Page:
This was different though. Something deeper took place. I didn’t just speak to a homeless man, hand him money, and then leave to escape an uncomfortable situation. I met Darryl.
God created Darryl. God loves Darryl. He loves him so much that He sent Jesus to die on a cross for Darryl. When Christ was suffering on the cross He thought about me and He thought about Darryl.
I drove home convicted. There’s a divine spark in every single person we meet and I’m usually looking for any way out so that I don’t have to be inconvenienced with interacting with someone I’d rather not interact with. God forgive and help me.
In 1 John 3:17-18, John writes “But if anyone has the world’s goods and sees his brother in need, yet closes his heart against him, how does God’s love abide in Him? Little children, let us not love in word or talk but in deed and in truth.”
If you’re like me, we talk a big game about how we love everyone. We talk a lot about how we don’t dislike, much less hate anyone so we’re good. We pat ourselves on the back because we like everybody and we just know God is pleased because our hearts are full of love. How disillusioned are we?
The flip side of that, though, is we’re busy. All of us have so many things going on. Our lives, our time, and our thoughts are consumed with activity so the people around us just fade into white noise. We walk down the street and the people and faces just morph into the background. It’s not that we don’t love, it’s just we have our own things to worry about. “I love you…” but from over here if that’s alright. “Hey, I care about you…” but I’m running late to an appointment.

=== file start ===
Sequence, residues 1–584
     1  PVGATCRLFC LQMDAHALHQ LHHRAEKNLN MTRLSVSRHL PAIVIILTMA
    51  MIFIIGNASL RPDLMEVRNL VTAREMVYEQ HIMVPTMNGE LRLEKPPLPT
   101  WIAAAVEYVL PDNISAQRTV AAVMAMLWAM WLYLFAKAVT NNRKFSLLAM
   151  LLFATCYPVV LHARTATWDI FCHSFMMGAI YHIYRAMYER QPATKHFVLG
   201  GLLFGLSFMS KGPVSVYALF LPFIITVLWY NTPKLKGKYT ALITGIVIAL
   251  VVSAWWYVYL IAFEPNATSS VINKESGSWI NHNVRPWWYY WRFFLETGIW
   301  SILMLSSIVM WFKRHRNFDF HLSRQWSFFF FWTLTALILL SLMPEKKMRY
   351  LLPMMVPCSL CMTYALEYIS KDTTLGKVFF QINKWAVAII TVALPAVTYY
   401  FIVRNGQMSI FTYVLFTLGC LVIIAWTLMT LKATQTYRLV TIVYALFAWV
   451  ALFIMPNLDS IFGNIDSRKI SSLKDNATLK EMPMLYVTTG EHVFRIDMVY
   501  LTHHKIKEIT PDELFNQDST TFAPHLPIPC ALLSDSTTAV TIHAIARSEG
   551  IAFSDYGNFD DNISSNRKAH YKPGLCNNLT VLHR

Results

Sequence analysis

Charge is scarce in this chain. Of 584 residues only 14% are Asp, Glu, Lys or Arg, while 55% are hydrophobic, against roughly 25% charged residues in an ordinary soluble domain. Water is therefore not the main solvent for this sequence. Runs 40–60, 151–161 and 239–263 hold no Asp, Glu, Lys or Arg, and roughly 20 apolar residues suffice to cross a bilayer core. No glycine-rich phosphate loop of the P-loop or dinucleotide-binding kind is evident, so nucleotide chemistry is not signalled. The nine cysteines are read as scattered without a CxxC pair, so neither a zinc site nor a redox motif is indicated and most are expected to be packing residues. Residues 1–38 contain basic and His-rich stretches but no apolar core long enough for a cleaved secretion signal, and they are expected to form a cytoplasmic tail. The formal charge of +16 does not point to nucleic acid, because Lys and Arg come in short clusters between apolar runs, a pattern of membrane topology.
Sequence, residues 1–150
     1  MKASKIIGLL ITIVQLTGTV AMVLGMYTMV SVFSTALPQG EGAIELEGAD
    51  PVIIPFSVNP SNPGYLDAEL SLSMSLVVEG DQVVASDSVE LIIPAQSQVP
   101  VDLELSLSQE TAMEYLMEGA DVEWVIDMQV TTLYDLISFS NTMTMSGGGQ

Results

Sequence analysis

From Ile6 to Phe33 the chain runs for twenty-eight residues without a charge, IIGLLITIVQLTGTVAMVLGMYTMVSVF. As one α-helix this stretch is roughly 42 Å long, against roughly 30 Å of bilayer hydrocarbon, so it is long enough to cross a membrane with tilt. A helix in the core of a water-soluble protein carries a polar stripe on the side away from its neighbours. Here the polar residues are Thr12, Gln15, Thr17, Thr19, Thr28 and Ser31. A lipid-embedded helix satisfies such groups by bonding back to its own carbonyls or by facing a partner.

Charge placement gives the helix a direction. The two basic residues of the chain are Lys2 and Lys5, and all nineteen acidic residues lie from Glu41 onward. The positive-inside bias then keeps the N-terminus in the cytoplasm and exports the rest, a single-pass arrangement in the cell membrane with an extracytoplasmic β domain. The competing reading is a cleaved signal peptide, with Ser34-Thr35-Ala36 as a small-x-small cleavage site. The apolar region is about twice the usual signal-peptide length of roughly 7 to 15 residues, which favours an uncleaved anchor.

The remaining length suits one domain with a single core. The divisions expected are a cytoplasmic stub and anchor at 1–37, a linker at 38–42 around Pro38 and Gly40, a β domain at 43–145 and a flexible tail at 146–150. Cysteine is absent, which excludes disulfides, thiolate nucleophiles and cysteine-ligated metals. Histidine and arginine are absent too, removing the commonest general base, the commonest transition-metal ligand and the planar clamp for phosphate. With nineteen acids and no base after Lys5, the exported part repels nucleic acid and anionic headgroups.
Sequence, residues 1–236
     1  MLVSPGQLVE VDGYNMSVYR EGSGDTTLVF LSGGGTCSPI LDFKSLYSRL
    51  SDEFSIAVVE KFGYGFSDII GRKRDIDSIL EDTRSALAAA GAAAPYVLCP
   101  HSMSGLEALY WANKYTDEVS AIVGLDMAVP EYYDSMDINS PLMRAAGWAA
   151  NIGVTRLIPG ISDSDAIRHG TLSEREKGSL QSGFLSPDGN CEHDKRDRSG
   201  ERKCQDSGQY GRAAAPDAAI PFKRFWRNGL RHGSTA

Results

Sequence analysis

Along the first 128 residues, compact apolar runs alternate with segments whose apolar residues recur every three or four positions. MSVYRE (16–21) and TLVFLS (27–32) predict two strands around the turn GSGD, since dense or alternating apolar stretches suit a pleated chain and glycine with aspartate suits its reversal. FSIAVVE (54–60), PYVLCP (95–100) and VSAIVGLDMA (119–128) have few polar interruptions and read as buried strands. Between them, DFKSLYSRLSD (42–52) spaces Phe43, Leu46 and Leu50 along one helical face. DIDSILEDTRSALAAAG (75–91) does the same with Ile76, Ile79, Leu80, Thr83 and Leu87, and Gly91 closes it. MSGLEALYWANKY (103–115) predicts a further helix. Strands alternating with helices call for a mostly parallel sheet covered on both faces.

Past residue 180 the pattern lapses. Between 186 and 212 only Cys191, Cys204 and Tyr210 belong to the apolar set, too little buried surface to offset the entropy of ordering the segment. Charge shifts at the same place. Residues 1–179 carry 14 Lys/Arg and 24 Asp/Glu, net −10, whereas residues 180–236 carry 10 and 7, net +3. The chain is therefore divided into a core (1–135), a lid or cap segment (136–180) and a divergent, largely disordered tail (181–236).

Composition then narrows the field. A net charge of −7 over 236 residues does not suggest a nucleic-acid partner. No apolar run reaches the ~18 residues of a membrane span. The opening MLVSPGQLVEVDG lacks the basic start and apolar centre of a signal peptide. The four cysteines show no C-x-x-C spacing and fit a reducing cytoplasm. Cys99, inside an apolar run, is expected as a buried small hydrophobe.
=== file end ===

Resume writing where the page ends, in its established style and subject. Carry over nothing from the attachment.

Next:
Bryce Avary of The Rocket Summer asks this very pointed and relevant question: Do you feel the weight of the world singing sorrow or to you is it just not real? There are people in our cities, in our communities, and even in our neighborhoods that have the weight of the world on their shoulders. They’re struggling. Some of them wonder if anyone even recognizes that they are there and hurting. God is asking us to forget about ourselves for just a moment and to open our hearts and give.
God is calling us to give our resources, but it’s so much more than that. He is inviting us to give of ourselves. He wants us to give our time. Share our compassion. Dispense joy and peace. Jesus wants us to freely give because we don’t know what that person down the street, across the road, or in the pew behind us is going through.
I’m thankful that I met Darryl. Darryl reminded me that this world doesn’t revolve around me. He reminded me that Jesus frequently hung out with the poor and less fortunate and who am I to think I am any better than anyone. My righteousness is but filthy rags and I’m asking God to help me by molding me every day into His image and His likeness. God, shape my attitudes and characteristics into a reflection of You.
I’m not there yet but I’m getting there.
I’m praying that God moves in Darryl’s life. I’m praying that He continues to place people in Darryl’s path that will point him to Jesus, because Darryl’s life is just as valuable in the eyes of God as yours and mine. My eyes are the ones that needed to be opened to the people and world around me.
Maybe yours do too.